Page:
Valve expound on coach decision
Valve have released a blog further explaining their decision to limit coach communication.
Two days ago an e-mail disclosing the new coaching rules surfaced as Valve limited the amount of impact coaches can have by restricting their communication during matches. It was revealed that with these new rules, coaches will only be able to talk to the players during warmup, half-time breaks, and one of four 30-second timeouts.
ESL disclosed they will comply with the rules starting with ESL One New York taking place from September 30 to October 2 and featuring teams such as Liquid, and Natus Vincere who respectively have Luis "peacemaker" Tadeu and Sergey "starix" Ischuk as their in-game leading coaches.
Valve explained in their new blog post that they were open-minded about the involvement of coaches in preparation, support, and opponent study but believed that only the five-men lineups should be involved once the actual game started.
The e-mail Valve sent came about after an event organizer received a request from a coach to allow more in-game access for coaches. The said organizer forwarded the e-mail to Valve and they stepped in to clear the situation.
The full statement can be found below:
At past Majors, we have had conversations with pro teams about the participation of their coaches in the gameplay responsibilities of players and they assured us that their coaches focused on activities traditionally associated with coaching, such as preparation, support, opponent study, etc.
We were always open with them about our opinion that distributing the work of 5 players (e.g. keeping track of the economy, calling plays and mid-round calls, and general situational awareness) across 6 people was not in line with our goals, one of which was to make it possible for new teams to emerge and compete at the highest levels. We had no concerns with the other coaching responsibilities and at the time any potential harm was hypothetical.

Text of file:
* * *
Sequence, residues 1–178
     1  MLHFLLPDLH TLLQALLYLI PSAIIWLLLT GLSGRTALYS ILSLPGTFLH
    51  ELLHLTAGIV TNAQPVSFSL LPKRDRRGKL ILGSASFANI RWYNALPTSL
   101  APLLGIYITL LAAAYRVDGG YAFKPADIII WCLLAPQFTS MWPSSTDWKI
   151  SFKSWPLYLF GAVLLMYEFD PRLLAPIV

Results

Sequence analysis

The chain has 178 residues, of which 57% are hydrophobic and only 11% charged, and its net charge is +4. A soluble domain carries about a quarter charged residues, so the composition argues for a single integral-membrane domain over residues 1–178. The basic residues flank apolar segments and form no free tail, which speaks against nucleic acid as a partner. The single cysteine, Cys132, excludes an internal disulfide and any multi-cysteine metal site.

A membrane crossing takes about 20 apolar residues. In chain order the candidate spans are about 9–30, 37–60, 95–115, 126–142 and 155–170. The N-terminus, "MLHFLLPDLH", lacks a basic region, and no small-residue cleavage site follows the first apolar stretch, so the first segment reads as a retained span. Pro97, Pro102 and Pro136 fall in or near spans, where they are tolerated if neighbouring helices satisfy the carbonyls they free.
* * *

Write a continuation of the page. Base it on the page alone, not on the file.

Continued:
Since then it has become apparent that teams are, in fact, transitioning away from fielding players that have a wider breadth of skills and instead relying on coaches to handle some of that work.
On August 8th an event organizer forwarded us an email from a coach, representing some top teams, stating that the status-quo was no longer acceptable and that they insisted on more in-game access for coaches during their events. The organizer was aware of our concerns and asked us, in light of the current trend, whether we intended to take a position on coaching.
The forwarded email made it clear that despite the conversations we had with them, teams were further investing in coaching in a way that was contrary to the goals of the Majors and the concerns we had expressed. It was important to make a decision before teams further invested in coach IGLs and we decided to rein in the role of coaching in the next Major to exclude player responsibilities. We informed the event organizer of our decision (see below) and asked them to incorporate our message into their conversation with the pros.
We understand that there will be some short term disruption for teams that have made an investment in coach IGLs. However, we intend the Majors and Minors to be events that can be won by any team of 5 players that demonstrate excellence in all skills of CS and this adjustment is intended to ensure that this remains true.
This is just the most recent adaptation in our continuing process of improving the Majors and Minors. As always, you can send us feedback at CSGOTeamFeedback@valvesoftware.com
For reference, our original message:
With unrestricted communication with their players, coaches can currently function as a sixth player, and not solely as a source of guidance or training.
Activities such as keeping track of the economy, calling plays, and general situational awareness are important components of CS gameplay. If a person is performing these actions, we consider them a player.
Since the goal of our events is to identify the best five-player CS teams that exhibit the best combination of all CS skills, the current participation of coaches in the game is not compatible with that goal.
To address this problem, future Valve sponsored events will enforce the following coaching rules:
- During a match, the coach may only communicate with the players during warmup, half-time, or during one of four 30 second timeouts that the coach or player can call.
Obviously, third party events can use whatever rules they want but if you want to align your events with ours then we recommend using this coaching rule.
BenjaCS is a staff writer at HLTV.org and can be found on Twitter.